I was shocked when I saw what medics face every day
It’s true, Doctors, like Police Officers, look younger every year. Following my experiences in five short hours at the Emergency Department of St Thomas’ Hospital in Central London, I have no idea how they keep their youthfulness and positivity.
If I had to go through what they do each day, I’d have been miserable, haggard, baggy eyed and grey by twenty-five. I would also have left the profession.
After a blue-light ride in an ambulance, which would have been exciting were it not for the concerned faces of the paramedics, who were worried my husband had an aortic aneurism which might burst and cause him to bleed to death at any moment (he didn’t, phew, and that’s the last we’ll hear of him in this), we were met by a team of bright young professionals in the Emergency Room.
Everyone was fresh-faced and attentive, and they introduced themselves by first name and asked ours. Miraculously, they retained that information for the duration of our stay.
Because of the apparent seriousness of the medical condition, I was led through to a relative’s room whilst scans were carried out. I don’t know if you’ve ever had to wait to hear if a loved one has a life-threatening condition, but it’s not fun. I was too anxious to even scroll through my phone. Yes, that concerned.
It was whilst in that room I first heard shouting and swearing. I was alone, with unlocked doors on each side, and the deep voice of a man was screaming threats and obscenities somewhere close by.
He was demanding attention, threatening to smash the place up and it was scary. Despite the screams, I could still hear a female medic in a nearby cubicle talking to an older woman about her asthma attack. She quietly and patiently soothed her confused charge, her tone never changing, despite the bellowing.
It was then that I realised this was nothing unusual.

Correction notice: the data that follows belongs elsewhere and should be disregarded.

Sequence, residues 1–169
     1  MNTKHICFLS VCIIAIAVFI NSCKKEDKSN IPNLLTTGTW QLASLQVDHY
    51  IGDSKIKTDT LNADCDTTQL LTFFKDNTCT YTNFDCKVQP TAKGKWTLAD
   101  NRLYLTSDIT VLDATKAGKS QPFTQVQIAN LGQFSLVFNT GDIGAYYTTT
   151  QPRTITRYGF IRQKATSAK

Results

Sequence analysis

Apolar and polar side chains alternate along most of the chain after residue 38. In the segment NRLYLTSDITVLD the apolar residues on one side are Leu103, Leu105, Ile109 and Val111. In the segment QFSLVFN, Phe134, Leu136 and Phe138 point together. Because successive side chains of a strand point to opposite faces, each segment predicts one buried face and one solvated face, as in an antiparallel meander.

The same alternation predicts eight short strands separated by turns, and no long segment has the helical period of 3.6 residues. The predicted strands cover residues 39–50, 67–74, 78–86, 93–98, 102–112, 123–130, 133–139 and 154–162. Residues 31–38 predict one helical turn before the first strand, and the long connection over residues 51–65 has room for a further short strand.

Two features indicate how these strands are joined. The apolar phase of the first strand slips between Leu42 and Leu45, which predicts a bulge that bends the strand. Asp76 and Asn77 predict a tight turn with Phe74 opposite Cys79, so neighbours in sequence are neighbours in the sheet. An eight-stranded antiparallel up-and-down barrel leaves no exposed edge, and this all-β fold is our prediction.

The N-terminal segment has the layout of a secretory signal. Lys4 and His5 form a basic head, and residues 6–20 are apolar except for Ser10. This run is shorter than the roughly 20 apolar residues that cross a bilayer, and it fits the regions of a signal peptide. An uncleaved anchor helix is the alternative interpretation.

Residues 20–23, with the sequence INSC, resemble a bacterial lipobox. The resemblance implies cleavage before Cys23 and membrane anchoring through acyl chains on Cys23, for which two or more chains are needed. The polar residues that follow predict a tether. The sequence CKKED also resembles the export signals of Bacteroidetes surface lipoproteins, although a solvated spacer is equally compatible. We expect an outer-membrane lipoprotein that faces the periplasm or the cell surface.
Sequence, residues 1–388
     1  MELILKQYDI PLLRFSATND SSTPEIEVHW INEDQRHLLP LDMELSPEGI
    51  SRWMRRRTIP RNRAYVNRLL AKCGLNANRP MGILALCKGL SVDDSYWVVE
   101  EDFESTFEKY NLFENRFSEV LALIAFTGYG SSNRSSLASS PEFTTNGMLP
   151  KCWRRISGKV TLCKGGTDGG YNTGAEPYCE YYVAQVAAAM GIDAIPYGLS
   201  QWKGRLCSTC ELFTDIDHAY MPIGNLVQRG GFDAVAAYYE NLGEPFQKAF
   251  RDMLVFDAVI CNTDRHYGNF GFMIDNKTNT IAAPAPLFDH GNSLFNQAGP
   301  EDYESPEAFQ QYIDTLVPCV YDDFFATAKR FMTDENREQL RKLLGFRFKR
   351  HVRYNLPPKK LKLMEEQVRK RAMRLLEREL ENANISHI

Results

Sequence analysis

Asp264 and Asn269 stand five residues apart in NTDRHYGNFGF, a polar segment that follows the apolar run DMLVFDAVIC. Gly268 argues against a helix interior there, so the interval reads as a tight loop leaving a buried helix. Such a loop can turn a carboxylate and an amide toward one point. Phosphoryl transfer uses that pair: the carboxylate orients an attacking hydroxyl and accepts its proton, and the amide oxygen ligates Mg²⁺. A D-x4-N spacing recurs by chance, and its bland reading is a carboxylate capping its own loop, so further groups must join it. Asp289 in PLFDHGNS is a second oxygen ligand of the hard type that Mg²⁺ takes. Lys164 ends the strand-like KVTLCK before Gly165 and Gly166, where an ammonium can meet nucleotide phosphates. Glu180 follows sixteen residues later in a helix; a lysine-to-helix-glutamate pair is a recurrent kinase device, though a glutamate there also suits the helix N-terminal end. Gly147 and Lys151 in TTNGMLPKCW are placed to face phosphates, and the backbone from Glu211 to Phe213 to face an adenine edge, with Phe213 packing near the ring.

As a Doctor led me through to see my husband, I passed a young woman, sitting in a cubicle, with bandages covering both her calves. She was heavy-set with a shock of multi-coloured Mohican on top of her head. She looked furious.
Later, during the inevitable wait for blood test results, this young woman walked past us numerous times, circling the department, seemingly angrier each time. My mothering instinct wanted to stop her, look her in the eyes and give her a hug. My more precautionary side sensed danger.
The staff followed her, gently encouraging her to go back to her cubicle and sit. They never reacted to her spitting retorts, didn’t flinch at the burning fury when her eyes met theirs, once again demonstrating, this kind of thing happens every day.
Cheerful announcements came regularly over the Tannoy. Sometimes they gave the timescale of the arrival of a trauma victim. I don’t want to imagine some of the sights these professionals have been exposed to. Once, the voice gave a request for a Spanish-speaking member of staff to attend the department.
A short time later, a couple who had been waiting, clearly upset and anxious, were being spoken to in their own language by a bubbly, small woman, who switched effortlessly between speaking to them in Spanish, touching them reassuringly on the arm, and translating to the team what help they needed. Soon they were nodding and smiling. What a service.
When it was decided we were ready for discharge, we were moved to another ward. In the adjacent room was a man who emerged regularly to scream at the staff at the nurse’s station. His words were vitriolic and slurred. The staff soothed him, answered his accusations calmly and encouraged him to lie back on the bed.
More than once, Security was called, and I was astonished at the alacrity of their arrival. As we left the ward, I understood the speed of response, because, at the entrance, was a chair with a burley Security Guard sitting in his black uniform, eyes fixed on the corridor.
This was his station. Medical staff are put in danger so regularly that a dedicated Security Guard is positioned at the end of this ward. That realisation made my jaw drop.
It is not my aim to vilify people with mental health issues or addiction. I’m sure it’s rare for an individual to intend to cause such disturbance in a place of healing. It is, however, my intention to disclose the reality of what I saw, as an uninvested person, in a meagre five hours at this Central London Hospital.
The staff were, without exception, professional, warm, calm and communicative. Their investigations were thorough, and we left reassured and safe.
The fact they could do that for us when they are so clearly under huge pressure and imminent threat of verbal and physical abuse is astonishing to me. The people working under those conditions (and I haven’t even mentioned workload or Government policies) should be applauded everywhere they go. They have my admiration, my gratitude and my respect.
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